Now, when it comes the actual event, I made the rather rash decision to manage the student volunteers who so kindly gave up their time to make the event what it was. If I’m being honest, the role did make me want to scream at times, especially when I was running around like a headless chicken on the day. However, the screams quickly turned into smiles once I met such a broad range of young, passionate students with real interest in contributing to how our world is shaped.  

The experience was incredible, and I’ll leave it at that. 

Welcoming our new Sustainability Projects Assistant…

Hi, I’m Alex and I’m excited to be joining the sustainability team for a year as the new Sustainability Projects Assistant!

Alex enjoying the views of the fjords in Norway

Alex enjoying the views of the fjords in Norway

I’ve got a background in Physical Geography, so I am a geek in anything from climate change to natural hazards to glaciers. For the past year I’ve been doing an MA with Forum for the Future in ‘Leadership for Sustainable Development’.

forum for the future

My masters course has allowed me to sample sustainability in a range of organisations, from a charity to a local authority, from Bank of America to a multi-national company. It also allowed me to look at the idea of ‘systems change’, for example, how can we cause change for sustainability in the complex food system, or the energy system? I’m looking forward to putting my learning into practice at Greenwich.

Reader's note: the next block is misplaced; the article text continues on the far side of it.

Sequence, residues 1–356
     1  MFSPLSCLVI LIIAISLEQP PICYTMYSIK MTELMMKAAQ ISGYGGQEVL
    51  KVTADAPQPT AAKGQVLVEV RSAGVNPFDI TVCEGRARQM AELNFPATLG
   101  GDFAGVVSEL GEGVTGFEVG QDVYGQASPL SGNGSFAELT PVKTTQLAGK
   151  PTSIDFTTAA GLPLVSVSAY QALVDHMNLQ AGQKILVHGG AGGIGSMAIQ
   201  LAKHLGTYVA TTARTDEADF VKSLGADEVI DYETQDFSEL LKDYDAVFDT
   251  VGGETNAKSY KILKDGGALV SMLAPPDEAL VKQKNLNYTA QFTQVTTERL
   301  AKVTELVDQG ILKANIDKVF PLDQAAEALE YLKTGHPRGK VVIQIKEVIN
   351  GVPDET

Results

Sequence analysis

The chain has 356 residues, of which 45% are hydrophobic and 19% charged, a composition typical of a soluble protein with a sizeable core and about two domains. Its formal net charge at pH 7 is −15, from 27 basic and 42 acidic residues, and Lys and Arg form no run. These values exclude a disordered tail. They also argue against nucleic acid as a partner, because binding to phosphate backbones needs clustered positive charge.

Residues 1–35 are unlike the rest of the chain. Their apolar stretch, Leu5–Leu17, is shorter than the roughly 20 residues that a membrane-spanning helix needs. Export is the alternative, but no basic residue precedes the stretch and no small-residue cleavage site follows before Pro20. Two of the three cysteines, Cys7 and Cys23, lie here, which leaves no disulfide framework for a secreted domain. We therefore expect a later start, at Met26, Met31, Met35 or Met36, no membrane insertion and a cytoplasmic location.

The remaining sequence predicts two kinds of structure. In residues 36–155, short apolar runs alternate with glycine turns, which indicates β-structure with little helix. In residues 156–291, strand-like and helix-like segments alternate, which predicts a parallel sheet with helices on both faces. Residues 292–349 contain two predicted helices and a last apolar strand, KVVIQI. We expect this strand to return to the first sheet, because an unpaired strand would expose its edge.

I’ll be looking after the Sustainability Management System and helping Emily out with other sustainability projects. These projects include Green Impact and the Carbon Management Plan, and I’ll also be helping with sustainability events such as the Green Week. Green Impact is a behaviour change project where teams are rewarded for their efforts, so get in contact with the sustainability team if you would like to know more! I’m especially looking forward to getting to know the sustainability champions and spotting new opportunities for sustainability at Greenwich.

Greenwich is a leader in Sustainability within Higher Education, coming 6th this year in the People & Planet’s ‘Green League’, and this is what made me so attracted to working here. So far everyone has been friendly and welcoming and I’m very impressed with the garden!